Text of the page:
Scientific Name: Testudo graeca
Spur-thighed tortoises from the colder parts of Europe are known to hibernate during winter. Just before they’re ready to hibernate, they put on extra fat and burrow to below the frost line. During hibernation, their metabolism slows, they barely move and they don’t eat or drink. Often they’ll come out of hibernation early if the temperature warms up and in warmer areas, such as Africa, they don’t hibernate at all.
They may be short but spur-thighed tortoises live for a long time, usually 70-100 years! There are some 20 subspecies of spur thighed tortoise, but they all have one thing in common, a spur on their thighs. The turtles typically grow to 20 centimetres long and have a rectangular carapace (shell). The carapace colour varies according to the region, from a golden brown to a dark brown. Darker markings on the shell range from blotches to flecks. The tortoise is listed as vulnerable and this is largely due to people illegally collecting the tortoise for the pet trade.
Spur-thighed tortoises are found around the Mediterranean, from Spain to Turkey in Europe, and across northern Africa into Iran and Iraq. They favour dry forests and semi-arid scrubland, though they are found in a variety of conditions. Often they live in closely packed groups as they are peaceful tortoises, except when males compete with each other prior to mating.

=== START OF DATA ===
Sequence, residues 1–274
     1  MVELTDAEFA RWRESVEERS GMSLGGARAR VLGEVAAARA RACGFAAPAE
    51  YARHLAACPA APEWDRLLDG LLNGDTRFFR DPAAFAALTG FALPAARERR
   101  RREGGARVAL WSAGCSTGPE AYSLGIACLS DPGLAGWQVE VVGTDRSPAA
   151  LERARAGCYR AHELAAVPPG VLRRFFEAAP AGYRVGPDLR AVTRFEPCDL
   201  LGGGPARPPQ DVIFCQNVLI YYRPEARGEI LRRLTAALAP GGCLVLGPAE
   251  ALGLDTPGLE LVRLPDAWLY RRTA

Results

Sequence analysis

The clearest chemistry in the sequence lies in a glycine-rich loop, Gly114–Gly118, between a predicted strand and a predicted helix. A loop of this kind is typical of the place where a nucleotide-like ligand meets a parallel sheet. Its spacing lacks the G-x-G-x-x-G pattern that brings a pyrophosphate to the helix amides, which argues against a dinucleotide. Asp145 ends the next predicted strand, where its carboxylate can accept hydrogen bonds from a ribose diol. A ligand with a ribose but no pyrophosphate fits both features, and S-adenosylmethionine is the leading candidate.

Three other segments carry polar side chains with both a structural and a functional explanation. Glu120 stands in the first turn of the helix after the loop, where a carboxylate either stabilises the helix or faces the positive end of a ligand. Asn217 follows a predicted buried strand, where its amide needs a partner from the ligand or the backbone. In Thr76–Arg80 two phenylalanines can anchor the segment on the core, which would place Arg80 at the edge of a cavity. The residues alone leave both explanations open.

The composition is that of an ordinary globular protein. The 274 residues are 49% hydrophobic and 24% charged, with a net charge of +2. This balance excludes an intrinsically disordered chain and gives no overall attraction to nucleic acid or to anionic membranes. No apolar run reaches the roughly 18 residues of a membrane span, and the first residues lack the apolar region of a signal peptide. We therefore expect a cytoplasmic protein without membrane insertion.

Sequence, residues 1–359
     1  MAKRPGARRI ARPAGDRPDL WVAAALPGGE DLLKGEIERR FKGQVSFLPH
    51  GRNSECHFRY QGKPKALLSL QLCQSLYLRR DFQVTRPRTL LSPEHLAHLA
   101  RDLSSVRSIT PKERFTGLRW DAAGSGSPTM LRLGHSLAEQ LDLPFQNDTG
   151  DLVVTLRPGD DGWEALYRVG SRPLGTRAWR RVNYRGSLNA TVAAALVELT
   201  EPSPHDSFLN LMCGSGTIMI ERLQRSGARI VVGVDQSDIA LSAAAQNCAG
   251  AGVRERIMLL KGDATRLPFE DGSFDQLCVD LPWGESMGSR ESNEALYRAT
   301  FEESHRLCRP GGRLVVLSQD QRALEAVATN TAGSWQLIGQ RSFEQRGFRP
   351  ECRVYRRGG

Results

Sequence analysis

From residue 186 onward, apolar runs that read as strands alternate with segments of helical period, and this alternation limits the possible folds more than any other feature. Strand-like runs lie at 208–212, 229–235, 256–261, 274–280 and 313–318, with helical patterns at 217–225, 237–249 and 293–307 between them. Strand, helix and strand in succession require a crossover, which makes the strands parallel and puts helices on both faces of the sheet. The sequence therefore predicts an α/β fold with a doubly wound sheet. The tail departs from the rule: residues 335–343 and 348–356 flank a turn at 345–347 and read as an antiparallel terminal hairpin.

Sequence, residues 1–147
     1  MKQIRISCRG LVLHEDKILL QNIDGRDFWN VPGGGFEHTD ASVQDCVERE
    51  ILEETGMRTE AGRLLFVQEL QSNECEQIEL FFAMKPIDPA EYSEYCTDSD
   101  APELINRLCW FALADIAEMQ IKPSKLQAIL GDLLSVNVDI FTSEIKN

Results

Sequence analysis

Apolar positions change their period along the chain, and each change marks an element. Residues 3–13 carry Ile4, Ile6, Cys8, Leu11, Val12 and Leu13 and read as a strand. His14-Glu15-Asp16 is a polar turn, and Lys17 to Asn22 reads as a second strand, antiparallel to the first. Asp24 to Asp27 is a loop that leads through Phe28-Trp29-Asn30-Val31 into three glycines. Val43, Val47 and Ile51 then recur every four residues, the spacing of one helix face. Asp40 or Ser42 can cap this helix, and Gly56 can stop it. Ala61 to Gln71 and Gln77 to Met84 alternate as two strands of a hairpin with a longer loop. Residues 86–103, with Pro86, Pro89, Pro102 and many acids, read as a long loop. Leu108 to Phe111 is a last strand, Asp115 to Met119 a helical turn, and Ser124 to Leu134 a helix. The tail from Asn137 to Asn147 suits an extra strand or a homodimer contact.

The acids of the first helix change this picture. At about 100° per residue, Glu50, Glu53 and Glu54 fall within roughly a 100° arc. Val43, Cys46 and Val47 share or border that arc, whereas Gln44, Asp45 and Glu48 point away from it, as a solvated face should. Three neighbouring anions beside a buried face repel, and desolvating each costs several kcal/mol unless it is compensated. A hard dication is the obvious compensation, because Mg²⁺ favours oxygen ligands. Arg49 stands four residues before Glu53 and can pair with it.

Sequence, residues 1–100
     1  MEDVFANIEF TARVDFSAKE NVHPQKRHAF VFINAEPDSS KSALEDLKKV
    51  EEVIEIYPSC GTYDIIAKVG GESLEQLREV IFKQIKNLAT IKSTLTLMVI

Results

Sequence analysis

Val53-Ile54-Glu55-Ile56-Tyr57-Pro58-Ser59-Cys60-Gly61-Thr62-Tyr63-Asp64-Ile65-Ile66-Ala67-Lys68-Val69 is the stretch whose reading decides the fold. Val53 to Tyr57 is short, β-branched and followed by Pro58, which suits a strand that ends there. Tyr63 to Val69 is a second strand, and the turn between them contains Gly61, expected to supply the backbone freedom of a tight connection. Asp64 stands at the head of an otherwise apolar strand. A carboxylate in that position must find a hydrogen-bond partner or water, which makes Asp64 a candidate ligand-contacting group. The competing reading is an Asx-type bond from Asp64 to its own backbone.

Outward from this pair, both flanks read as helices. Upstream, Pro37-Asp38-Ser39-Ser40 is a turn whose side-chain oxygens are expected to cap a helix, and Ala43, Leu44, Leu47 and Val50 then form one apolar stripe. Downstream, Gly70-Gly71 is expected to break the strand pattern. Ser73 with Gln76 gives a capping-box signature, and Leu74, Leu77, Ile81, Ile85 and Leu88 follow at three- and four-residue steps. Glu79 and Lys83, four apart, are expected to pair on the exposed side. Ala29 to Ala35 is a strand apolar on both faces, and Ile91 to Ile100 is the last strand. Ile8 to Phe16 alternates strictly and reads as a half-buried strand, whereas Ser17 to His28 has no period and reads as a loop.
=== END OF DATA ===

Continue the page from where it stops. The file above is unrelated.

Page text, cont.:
Like many tortoises, the spur-thighed tortoise is a vegetarian, eating grasses, leafy plants and occasionally berries and fruit.
Mating usually occurs in spring. Males that have hibernated over winter start looking for females as soon as they come out of their torpor. Females can lay several clutches a year, each with 1-12 eggs. These are buried, sometimes in deeper nests and other times in shallow depressions with a thin covering of soil, depending on the area. Hatchlings emerge 80 days later.